The name is study. Bible study.

I have long wanted to go through all 22 (or 24?) James Bond films and compile a list of the various religious references therein (the hollowed-out Bible in Diamonds Are Forever, the priest who crosses himself as the helicopter takes off in For Your Eyes Only, the rescued ancient church in The World Is Not Enough, etc., etc.). But for now, that’s just another item on my to-do list.

In the meantime, it seems that someone named Benjamin Pratt has written a book on the spiritual and religious themes of the James Bond novels, called Ian Fleming’s Seven Deadlier Sins and 007′s Moral Compass: A Bible Study with James Bond. And at least one church has already begun to base a class on this book.

I have no idea what the merits of this particular book might be, but I don’t doubt that there could be a lot of what blogger Carmen Andres refers to as “God-talk” in Fleming’s novels. The first one, Casino Royale, devoted an entire chapter to ‘The Nature of Evil‘ and Bond’s idea that we needed an “Evil Book” to complement the “Good Book”, i.e. the Bible. And I would be surprised if that was the only novel to have pondered some of the bigger questions.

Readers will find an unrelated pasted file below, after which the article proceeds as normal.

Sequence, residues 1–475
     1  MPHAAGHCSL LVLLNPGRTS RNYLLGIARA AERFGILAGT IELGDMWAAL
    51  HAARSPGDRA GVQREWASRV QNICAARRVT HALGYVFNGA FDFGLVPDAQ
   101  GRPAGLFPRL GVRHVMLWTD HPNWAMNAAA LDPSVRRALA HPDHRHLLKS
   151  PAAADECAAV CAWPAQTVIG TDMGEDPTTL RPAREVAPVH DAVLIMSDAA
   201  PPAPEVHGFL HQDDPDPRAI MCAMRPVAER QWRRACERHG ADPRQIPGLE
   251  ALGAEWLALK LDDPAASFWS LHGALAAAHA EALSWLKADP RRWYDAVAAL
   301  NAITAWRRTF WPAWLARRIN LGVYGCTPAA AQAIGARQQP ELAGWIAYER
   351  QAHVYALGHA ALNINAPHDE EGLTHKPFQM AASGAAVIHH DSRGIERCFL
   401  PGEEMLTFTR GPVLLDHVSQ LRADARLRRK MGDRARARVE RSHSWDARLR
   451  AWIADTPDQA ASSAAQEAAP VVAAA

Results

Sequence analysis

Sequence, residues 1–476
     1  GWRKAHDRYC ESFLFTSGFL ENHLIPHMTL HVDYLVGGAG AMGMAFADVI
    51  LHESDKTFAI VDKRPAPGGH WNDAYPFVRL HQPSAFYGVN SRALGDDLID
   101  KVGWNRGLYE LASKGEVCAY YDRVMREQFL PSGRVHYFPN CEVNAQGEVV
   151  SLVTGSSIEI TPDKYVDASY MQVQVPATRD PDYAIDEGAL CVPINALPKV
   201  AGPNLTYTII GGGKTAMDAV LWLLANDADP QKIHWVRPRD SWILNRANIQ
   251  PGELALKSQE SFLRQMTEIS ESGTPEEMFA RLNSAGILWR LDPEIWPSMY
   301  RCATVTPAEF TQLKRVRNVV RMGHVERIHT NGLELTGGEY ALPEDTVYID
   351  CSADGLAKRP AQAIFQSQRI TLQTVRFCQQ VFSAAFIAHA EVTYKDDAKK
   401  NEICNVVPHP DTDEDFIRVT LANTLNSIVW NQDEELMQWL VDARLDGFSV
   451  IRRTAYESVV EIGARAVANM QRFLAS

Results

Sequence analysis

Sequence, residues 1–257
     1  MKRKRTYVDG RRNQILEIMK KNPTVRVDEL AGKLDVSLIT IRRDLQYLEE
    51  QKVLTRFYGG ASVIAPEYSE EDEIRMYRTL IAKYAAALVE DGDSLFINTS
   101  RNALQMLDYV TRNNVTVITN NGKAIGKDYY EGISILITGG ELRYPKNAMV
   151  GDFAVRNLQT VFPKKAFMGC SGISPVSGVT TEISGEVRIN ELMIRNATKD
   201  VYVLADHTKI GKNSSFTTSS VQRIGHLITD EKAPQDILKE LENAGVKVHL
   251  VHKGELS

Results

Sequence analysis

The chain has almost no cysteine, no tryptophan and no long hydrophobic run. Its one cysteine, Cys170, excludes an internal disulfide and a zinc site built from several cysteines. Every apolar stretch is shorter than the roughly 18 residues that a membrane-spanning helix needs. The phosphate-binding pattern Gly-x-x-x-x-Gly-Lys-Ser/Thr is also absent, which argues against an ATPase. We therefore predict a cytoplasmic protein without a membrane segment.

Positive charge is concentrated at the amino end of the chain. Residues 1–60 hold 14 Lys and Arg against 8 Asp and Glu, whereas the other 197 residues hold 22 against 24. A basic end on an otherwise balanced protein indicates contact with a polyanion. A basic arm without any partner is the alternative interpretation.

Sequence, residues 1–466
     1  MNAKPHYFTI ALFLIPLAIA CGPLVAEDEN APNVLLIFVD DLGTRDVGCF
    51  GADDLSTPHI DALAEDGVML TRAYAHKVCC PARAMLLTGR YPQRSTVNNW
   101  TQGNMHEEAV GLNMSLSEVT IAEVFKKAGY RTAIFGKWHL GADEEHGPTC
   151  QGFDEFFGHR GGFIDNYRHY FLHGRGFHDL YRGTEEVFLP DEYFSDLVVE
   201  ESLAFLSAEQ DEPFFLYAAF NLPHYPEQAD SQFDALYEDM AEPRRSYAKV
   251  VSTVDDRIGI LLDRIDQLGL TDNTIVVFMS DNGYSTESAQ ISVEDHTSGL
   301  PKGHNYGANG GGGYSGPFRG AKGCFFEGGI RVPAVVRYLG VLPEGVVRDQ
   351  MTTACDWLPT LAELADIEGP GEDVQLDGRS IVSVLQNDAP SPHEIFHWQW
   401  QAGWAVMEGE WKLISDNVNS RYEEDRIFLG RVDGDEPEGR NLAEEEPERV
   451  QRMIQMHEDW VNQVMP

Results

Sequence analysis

Hat tip to Anthony Sacramone.

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About Peter T. Chattaway

Peter T. Chattaway was the regular film critic for BC Christian News from 1992 to 2011. In addition to his film column, which won multiple awards from the Evangelical Press Association, the Canadian Church Press and the Fellowship of Christian Newspapers, his news and opinion pieces have appeared in such publications as Books & Culture, Christianity Today, Bible Review and the Vancouver Sun. He also contributed essays to the books Re-Viewing The Passion: Mel Gibson’s Film and Its Critics (Palgrave Macmillan, 2004) and Scandalizing Jesus?: Kazantzakis’s The Last Temptation of Christ Fifty Years on (Continuum, 2005).

  • Carmen Andres

    i was surprised–and, i must admit, very delighted–to find that kind of God-talk in the ‘Casino Royale’ novel. i think the Bond in the recent two Bond films is much closer to the Bond in that novel (as well as the world in which he operates), a more complex and human Bond–and one i’m drawn to much more than the 007 of previous films. with characters like that, there’s not only the opportunity for better stories but more potential for God-talk, too.